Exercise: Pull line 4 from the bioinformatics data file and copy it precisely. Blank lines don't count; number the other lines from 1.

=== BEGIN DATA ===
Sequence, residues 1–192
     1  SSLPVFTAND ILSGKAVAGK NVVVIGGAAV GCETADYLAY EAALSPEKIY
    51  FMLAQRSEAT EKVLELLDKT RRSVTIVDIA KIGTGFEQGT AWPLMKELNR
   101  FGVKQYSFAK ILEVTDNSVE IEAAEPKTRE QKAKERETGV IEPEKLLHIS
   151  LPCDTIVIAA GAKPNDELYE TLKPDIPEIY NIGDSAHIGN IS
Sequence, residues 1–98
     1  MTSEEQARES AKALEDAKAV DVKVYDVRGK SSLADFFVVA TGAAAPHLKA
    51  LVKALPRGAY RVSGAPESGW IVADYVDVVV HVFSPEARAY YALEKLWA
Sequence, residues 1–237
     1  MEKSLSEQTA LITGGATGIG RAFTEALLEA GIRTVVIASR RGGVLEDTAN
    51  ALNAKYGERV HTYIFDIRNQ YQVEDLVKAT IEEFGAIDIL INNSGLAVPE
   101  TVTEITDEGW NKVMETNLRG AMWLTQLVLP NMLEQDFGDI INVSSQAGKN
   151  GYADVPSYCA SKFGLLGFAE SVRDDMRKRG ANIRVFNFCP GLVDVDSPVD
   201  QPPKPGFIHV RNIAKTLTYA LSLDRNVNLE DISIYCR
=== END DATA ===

   101  FGVKQYSFAK ILEVTDNSVE IEAAEPKTRE QKAKERETGV IEPEKLLHIS